If you can see past the jargon it’s quite interesting, but as far as I can tell it lacks the obvious genius of some individual figure to provide the cohesive framework of implicit or explicit consensus to survive long as ‘movement.’ Viewed for a certain institutional distance, the key to the success of any Continental philosophical movement seems to be the provision of some kind of wholesale perjorative label, the ‘Problematic Ontological Assumption’ that has bottled all other philosophy in a blind alley. This is the most efficient way to accomplish two central goals: explain why it is you have won the magical philosophy lottery and hook impressionable grad students hungry to stake new ground. The new POA turns of ‘Correlation,’ the way post-Kantian philosophy are all philosophies of ‘access.’ At this point, I don’t think Correlation has the mileage a POA needs to keep a movement going, but the rules of philosophical contagion have radically changed – in just ten years, no less. I find it interesting the way the proliferation of so many philosophy blogs has the effect of displaying how much philosophical transformation is driven by good old fashioned social competition.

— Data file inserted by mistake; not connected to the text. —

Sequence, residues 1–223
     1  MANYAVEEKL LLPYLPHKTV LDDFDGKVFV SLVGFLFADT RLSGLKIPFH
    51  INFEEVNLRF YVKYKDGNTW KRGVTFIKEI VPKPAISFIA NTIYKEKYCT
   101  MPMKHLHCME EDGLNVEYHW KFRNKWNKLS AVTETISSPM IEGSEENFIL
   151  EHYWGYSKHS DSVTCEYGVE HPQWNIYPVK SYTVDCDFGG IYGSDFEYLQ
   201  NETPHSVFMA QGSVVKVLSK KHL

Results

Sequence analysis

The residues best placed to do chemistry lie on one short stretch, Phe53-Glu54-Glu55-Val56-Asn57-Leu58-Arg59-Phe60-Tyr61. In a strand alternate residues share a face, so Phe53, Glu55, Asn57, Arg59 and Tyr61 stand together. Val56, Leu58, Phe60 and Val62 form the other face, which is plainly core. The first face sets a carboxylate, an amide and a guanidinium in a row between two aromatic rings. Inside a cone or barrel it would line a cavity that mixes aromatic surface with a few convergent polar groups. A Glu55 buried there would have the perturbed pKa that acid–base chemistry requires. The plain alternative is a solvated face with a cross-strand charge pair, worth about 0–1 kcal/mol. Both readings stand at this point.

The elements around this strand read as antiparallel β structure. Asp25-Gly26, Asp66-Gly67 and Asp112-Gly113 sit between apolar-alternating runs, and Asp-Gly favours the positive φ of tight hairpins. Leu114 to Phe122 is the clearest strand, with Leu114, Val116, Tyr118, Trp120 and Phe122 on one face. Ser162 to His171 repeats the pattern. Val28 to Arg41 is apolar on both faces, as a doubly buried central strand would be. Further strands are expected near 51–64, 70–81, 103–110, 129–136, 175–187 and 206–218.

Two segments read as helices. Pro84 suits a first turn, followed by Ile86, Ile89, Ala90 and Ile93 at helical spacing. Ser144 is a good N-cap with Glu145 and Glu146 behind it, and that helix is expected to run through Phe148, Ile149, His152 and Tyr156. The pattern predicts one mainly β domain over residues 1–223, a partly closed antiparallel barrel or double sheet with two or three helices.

But anyway, if you’re into these sort of things, and your jargon tolerance is epic, I’ll be posting my impressions and evaluations as I read on. I begin with a partially tongue-in-cheek critique of the ‘philosophical book,’ then consider Francois Laruelle’s ‘non-philosophy’ philosophy, ending with the invention of something called ‘Rhapsophy,’ as philosophy’s ‘other other.’

Three Pound Brain remains, as ever, the crossroads between incompatible empires.

The Brain Just Got Bigger…

by rsbakker

An update on several things:

1) The industry is all but in a state of crisis right now, so I just wanted to urge everyone to cultivate a culture buying books. As a midlist author, I am on the bubble, so any appreciable erosion of my sales will force me out of the full-time writing game. It really is as simple as that. It only took me ten years to write The Darkness That Comes Before part-time! So cut a crazy old headbanger a break and spread the word when you can.

2) The Unholy Consult continues to grow, but more slowly than I had hoped.  At the moment, things feel forced and wooden, at which point I begin obessessively rewriting. I want this book to crack like a whip, almost too much I sometimes worry. But every book I’ve written (with the exception of Disciple of the Dog) has been a melodrama like this, alternating between inspriration and desperation.